Will, just read your last comment after I had posted mine. Sounds like you have a great wife and mother. Your own circumstances may very well have dictated an exclusive choice between work and motherhood.

    But I don’t think that is the ideal.

    Awhile back I toured the facilities of Austin Ballet, which had hired a full time babysitter and built a playroom, so that their ballerinas didn’t have to cut short their careers to have kids. As soon as this happened, a number of other ballerinas in the company decided to have kids, which is extremely rare in the ballet world. Something similar happened at Houston Ballet. As soon as management started giving pro-motherhood advantages and conveniences, the babies started popping out, and they became regular fixtures at the studios. It was really beautiful.

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  33. hawkgrrrl on November 27, 2013 at 10:11 AM

    I agree with Nate’s excellent point. The SAHM model that was based on hunting and gathering was one in which both spouses worked, one near the home and children, often without “pay” but offsetting domestic expenses, the other one gone for periods of time. Several things have changed just in the last few decades: domestic work takes less time than ever or can be affordably outsourced (precooked meals are readily available and can be stored indefinitely), the majority of jobs are information based, family sizes are much smaller (mine had 7, I have 3). Children were contributors when people lived on farms. Home wasn’t removed from work. And work done from the home paid. With virtual work coming into vogue this is bringing the information rich work we now do back to the home. Most SAHPs today don’t have ready opportunities to contribute financially and somehow we’ve decided they shouldn’t. That makes very little sense.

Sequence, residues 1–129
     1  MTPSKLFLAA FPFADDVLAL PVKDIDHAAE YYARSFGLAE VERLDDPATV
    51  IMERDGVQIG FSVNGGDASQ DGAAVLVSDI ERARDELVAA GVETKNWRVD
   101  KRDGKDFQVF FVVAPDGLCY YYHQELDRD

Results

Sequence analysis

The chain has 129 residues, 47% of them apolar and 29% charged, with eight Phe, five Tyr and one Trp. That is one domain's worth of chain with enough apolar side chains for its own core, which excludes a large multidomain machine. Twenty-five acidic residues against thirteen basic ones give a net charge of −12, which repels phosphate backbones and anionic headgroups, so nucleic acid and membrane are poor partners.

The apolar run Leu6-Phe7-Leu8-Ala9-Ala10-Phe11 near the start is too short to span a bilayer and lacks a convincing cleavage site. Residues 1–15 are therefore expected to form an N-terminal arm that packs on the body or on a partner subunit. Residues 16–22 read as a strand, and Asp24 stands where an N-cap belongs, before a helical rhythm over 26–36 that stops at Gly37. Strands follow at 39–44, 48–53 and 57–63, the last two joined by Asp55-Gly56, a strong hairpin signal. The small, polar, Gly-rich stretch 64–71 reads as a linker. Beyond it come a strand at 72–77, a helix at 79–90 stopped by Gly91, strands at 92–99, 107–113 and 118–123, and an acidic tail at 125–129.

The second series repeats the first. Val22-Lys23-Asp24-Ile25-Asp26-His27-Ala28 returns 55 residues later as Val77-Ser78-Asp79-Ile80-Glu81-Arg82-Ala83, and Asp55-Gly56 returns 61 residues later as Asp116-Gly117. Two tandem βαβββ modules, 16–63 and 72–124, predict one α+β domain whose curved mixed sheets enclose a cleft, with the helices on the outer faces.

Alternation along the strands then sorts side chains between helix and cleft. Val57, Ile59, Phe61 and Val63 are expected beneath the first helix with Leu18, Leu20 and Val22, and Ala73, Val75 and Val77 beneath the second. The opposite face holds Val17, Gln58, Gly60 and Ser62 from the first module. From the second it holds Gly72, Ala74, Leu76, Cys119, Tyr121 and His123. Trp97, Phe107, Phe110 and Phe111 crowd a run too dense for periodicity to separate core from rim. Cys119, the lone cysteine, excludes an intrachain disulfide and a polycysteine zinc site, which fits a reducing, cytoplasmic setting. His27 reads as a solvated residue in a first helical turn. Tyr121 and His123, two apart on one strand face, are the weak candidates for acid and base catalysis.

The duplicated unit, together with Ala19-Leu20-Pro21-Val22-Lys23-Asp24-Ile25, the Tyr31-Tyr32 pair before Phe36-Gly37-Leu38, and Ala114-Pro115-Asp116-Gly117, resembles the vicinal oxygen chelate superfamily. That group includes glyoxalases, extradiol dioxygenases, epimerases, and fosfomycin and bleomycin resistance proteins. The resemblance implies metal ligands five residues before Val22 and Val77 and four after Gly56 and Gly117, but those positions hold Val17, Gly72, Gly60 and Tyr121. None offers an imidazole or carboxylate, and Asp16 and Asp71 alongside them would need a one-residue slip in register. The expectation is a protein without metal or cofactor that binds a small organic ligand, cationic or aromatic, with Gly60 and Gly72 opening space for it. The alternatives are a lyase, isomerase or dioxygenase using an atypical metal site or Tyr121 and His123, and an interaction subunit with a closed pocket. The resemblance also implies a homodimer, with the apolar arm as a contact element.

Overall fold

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  34. Howard on November 27, 2013 at 10:20 AM

    These men that lead this church…are either:…old men stuck in a fifties mentality…or, they are special witnesses of Jesus Christ… Actually I see considerable evidence of both.

    SAHM is an admirable role but is isn’t the only solution to raising healthy happy kids and is isn’t necessarily even the best way today. My now 10 year old daughter started Montessori as an infant in pampers. I felt very guilty about this at first but my guilt quickly melted when I began to see the advantages she accrued from this. No SAHM can provide what a Montessori environment can even if she happens to be a certified Montessori teacher! Why? Because she cannot duplicate the rich social environment and diversity of peer personalities without starting her own school. My daughter enjoyed the best of both worlds, two loving evolved parents and the wonderful world of Montessori which she loved very much. The church has codified the problem of raising healthy children by specifying SAHM as the only approved solution, but the church is behind the times there are other solutions Montessori being but one of them.

    I’m somewhat evolved with a tutoring program for elementary and middle school children and strongly agree with Will’s comment: poor excuse we call public education so my daughter now attends a Lutheran private school because guess what? there are not LDS private school choices.

    This SAHM mother advice is simply a hold over from the past way of doing things.

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  35. New Iconoclast on November 27, 2013 at 10:26 AM

    “Homo-Saipan” ? All I can think of is those Japanese mothers who threw their children into the ocean, then jumped in after them, as American troops approached in 1944.

    Anyway, what is it in us that seems to lead us to try to take any preferred or ideal situation and jam everyone into it as a must-be, end-all condition of righteousness? And more importantly, where do we get the impulse to insult, belittle, and guilt-trip those who don’t fall in line with those assumptions? Might that latter be because we realize that we have no righteous leg to stand on in our absolutism, and so we have to resort to ad hominem attacks and diversions like “They call real men, who have real world experience [as bishops]“ or “my first question would be are they gay?” For shame, if you use such things as excuses to avoid real issues. My pity if you really believe them.